“Any legislation that tells a person what they can or cannot do with their own bodies, which is not at all based in science or medicine, puts every pregnant person in this country at risk,” said Cecile Richards, former president of Planned Parenthood. “The worst part is, they just don’t care about the harm this extreme legislation would cause.”

They only need one more vote in the Senate to control the majority and bring this bill to the floor.

Jenny Lawson, executive director of Planned Parenthood Votes
A group of abortion rights activists march from the U.S. Supreme Court to congressional office buildings on July 6, 2022 in Washington, D.C. (Drew Angerer / Getty Images)

The bill has many false claims and misleading language, starting with the title: “Protecting Pain-Capable Unborn Children from Late-Term Abortions Act.” The phrase “late-term abortion” is stigmatizing language rooted in anti-abortion rhetoric. Fifteen weeks is not “late-term.” It’s three missed periods for someone with a regular cycle.

The claim that a 15-week fetus is capable of experiencing pain is medically inaccurate. “The science conclusively establishes that a human fetus does not have the capacity to experience pain until after at least 24–25 weeks. Every major medical organization that has examined this issue and peer-reviewed studies on the matter have consistently reached the conclusion that abortion before this point does not result in the perception of pain in a fetus,” according to the American College of Obstetricians and Gynecologists. “The best healthcare is provided free of governmental interference in the patient-clinician relationship. Personal decision-making by patients and their healthcare professionals should not be replaced by political ideology.”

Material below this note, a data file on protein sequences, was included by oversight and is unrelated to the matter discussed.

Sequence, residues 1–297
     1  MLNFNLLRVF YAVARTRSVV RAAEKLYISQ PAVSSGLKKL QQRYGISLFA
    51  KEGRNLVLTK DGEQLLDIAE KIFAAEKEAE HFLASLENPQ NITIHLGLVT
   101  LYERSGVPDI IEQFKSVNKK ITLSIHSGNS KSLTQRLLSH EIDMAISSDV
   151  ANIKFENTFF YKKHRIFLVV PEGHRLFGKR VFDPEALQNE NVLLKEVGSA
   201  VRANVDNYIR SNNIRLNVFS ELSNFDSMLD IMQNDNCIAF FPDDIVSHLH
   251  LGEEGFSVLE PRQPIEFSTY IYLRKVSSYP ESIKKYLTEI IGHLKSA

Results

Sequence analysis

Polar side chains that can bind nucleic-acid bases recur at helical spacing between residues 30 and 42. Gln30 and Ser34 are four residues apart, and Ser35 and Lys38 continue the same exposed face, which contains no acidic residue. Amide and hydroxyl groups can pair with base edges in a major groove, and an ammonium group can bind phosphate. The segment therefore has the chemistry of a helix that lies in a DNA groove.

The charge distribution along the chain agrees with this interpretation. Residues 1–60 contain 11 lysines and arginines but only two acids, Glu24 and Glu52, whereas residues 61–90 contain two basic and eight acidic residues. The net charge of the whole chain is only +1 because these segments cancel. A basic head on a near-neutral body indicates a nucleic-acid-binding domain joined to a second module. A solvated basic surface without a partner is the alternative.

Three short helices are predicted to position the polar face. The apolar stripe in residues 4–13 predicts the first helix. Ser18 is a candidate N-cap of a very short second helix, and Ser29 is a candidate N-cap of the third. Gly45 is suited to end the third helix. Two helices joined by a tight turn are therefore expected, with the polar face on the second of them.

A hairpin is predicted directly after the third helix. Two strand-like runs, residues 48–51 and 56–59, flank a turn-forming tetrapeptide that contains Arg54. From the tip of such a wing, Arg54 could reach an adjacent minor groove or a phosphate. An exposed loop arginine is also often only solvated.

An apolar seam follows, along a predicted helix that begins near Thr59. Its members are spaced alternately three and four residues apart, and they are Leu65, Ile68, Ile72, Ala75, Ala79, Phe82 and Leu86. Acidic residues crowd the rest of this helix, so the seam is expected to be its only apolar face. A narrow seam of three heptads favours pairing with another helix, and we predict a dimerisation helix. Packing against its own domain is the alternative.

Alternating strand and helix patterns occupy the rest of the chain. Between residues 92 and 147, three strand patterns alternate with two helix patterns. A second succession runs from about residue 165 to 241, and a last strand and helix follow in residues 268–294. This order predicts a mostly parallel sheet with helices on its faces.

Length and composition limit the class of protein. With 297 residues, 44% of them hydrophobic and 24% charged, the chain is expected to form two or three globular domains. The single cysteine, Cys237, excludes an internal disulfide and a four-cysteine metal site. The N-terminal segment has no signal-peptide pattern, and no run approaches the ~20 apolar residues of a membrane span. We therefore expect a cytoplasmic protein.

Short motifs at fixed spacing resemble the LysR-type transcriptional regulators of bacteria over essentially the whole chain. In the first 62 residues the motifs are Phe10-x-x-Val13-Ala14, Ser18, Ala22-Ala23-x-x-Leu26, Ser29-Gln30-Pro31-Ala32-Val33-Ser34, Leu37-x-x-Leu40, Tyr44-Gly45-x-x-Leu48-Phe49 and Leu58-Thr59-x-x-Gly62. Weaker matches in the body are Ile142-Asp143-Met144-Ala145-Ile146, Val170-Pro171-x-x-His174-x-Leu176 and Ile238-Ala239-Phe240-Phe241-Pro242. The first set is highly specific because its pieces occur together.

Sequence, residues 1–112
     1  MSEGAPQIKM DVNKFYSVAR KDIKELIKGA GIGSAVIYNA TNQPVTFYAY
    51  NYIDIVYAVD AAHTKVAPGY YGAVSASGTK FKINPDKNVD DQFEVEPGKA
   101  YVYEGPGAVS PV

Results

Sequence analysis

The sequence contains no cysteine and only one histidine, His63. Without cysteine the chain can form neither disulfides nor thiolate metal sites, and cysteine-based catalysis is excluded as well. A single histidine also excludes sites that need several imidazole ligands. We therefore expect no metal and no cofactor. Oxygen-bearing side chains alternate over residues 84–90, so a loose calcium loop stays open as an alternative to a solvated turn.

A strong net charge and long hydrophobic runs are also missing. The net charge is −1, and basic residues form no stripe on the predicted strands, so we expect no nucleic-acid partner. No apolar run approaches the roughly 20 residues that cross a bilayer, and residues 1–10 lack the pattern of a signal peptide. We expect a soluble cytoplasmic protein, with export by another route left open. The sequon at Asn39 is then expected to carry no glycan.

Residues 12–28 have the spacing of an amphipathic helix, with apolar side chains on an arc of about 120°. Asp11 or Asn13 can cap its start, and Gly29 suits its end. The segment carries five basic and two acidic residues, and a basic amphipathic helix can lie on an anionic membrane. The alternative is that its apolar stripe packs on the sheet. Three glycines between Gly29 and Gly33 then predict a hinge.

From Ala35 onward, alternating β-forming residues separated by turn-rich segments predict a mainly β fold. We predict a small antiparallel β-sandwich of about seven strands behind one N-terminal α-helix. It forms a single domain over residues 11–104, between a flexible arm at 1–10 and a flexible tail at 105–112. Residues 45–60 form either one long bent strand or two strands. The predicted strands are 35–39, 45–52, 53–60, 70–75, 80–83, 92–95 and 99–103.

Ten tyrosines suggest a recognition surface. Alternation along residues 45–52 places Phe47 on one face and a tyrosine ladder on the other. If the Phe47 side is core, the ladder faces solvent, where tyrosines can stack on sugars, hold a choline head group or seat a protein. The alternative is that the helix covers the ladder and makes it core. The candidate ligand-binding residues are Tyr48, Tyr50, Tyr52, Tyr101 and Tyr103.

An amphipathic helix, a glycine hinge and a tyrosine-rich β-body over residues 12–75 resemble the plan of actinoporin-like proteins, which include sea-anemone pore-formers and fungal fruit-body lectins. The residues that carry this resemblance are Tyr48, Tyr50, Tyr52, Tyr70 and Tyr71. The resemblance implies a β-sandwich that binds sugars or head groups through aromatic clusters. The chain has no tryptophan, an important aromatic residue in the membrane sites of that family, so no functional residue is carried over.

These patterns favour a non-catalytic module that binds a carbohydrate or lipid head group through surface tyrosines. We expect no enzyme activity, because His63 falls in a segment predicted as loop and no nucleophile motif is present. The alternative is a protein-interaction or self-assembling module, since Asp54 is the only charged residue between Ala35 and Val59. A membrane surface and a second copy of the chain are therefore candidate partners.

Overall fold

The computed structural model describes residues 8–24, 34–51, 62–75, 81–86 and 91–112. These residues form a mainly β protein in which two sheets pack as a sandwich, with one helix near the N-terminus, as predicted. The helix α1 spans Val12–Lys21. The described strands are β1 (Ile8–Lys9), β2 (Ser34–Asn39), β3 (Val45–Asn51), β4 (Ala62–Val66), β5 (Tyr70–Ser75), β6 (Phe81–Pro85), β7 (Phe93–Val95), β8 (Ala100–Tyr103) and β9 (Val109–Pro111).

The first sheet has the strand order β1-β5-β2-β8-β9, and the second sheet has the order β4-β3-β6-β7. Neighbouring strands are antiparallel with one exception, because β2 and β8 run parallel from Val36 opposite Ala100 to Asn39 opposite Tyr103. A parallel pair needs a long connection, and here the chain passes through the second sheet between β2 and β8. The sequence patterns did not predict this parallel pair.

Despite the science, the bill has page after page of vague language, made-up medical-sounding terms and inaccurate and inflammatory claims.

“Proposals like the one today send a clear message from MAGA Republicans to women across the country: Your body, our choice,” said Schumer.

In addition to the proposed abortion ban in Congress, earlier this month ‘Catholics for Life’ in Rhode Island filed a petition with the Supreme Court asking the Court to rule that zygotes, embryos and fetuses are “persons” have 14th Amendment due process and equal protection right. This would have the effect of banning abortion and possibility IUDs and hormonal contraception nationwide.

With the threat of a national abortion ban hanging over their heads, abortion rights supporters are mobilizing for the fall elections.

“Who we elect this November will determine our right to an abortion and whether Congress can pass a nationwide abortion ban,” said Lawson, noting how close anti-abortion politicians in the U.S. Senate are to passing a national ban. “They only need one more vote in the Senate to control the majority and bring this bill to the floor.”